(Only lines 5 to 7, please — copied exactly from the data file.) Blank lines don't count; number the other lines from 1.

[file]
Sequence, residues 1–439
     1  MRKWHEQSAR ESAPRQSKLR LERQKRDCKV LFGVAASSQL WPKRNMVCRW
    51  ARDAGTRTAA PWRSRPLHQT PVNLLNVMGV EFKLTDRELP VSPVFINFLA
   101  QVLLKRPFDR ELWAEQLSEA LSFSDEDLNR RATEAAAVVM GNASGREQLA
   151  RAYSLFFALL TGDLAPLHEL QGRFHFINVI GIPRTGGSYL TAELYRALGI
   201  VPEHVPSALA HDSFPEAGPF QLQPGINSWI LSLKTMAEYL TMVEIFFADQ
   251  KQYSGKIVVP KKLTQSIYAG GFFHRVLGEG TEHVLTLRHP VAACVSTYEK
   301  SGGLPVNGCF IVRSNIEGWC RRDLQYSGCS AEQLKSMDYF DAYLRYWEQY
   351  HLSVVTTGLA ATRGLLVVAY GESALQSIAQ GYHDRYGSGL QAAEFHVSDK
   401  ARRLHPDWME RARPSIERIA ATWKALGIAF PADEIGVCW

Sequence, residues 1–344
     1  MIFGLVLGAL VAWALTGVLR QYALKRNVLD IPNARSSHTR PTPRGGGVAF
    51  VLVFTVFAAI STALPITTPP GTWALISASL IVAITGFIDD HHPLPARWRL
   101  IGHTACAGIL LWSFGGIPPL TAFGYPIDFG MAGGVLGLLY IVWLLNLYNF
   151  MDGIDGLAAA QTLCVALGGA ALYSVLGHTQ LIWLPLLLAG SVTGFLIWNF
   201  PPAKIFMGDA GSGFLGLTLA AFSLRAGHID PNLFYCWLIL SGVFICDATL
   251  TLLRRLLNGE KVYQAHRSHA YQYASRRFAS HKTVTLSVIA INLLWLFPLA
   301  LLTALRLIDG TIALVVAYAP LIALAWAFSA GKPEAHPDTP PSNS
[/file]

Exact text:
   151  RAYSLFFALL TGDLAPLHEL QGRFHFINVI GIPRTGGSYL TAELYRALGI
   201  VPEHVPSALA HDSFPEAGPF QLQPGINSWI LSLKTMAEYL TMVEIFFADQ
   251  KQYSGKIVVP KKLTQSIYAG GFFHRVLGEG TEHVLTLRHP VAACVSTYEK